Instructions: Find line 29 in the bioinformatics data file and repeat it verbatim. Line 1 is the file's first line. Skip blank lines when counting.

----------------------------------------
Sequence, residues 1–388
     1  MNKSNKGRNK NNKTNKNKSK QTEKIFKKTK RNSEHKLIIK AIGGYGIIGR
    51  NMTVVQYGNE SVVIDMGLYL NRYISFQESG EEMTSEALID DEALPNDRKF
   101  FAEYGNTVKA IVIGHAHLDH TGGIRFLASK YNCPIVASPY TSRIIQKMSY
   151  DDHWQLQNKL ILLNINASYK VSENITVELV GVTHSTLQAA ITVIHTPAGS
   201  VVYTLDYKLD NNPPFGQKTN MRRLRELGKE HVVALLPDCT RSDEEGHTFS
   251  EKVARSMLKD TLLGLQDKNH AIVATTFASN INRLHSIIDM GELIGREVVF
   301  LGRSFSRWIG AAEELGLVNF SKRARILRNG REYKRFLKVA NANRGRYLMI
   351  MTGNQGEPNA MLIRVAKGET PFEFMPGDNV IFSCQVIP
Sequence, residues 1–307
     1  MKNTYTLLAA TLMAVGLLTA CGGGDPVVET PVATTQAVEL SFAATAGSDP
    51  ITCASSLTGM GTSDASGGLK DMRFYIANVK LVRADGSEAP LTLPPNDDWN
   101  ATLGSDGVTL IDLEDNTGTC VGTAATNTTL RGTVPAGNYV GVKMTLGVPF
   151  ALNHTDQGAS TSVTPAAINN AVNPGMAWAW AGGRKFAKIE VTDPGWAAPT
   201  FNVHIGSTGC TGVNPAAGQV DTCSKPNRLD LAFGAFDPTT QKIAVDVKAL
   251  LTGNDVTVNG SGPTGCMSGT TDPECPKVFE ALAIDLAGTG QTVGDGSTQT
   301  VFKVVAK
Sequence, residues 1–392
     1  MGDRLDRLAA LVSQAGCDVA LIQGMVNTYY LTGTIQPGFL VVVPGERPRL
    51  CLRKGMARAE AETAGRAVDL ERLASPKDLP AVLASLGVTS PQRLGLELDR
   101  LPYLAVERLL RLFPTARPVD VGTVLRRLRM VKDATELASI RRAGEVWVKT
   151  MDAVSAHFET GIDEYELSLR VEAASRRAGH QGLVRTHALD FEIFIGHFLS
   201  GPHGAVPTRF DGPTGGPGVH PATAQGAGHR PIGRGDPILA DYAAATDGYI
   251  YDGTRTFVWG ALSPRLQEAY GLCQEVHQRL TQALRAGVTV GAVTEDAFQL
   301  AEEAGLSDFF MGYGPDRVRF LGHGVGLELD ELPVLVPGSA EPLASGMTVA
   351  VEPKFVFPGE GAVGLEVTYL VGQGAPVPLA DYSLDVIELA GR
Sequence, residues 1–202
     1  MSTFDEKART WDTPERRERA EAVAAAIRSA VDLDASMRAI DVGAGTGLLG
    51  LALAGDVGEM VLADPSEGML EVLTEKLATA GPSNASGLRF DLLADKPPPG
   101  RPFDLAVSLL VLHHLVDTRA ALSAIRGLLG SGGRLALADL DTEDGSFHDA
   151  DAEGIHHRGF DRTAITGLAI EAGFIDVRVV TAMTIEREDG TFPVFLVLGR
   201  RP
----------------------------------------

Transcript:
    51  LALAGDVGEM VLADPSEGML EVLTEKLATA GPSNASGLRF DLLADKPPPG